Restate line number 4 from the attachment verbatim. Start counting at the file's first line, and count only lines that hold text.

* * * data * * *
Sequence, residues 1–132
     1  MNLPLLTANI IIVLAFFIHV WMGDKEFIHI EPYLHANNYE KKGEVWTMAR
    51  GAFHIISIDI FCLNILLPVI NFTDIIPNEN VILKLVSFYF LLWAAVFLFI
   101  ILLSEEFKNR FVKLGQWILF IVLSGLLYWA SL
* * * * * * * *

   101  ILLSEEFKNR FVKLGQWILF IVLSGLLYWA SL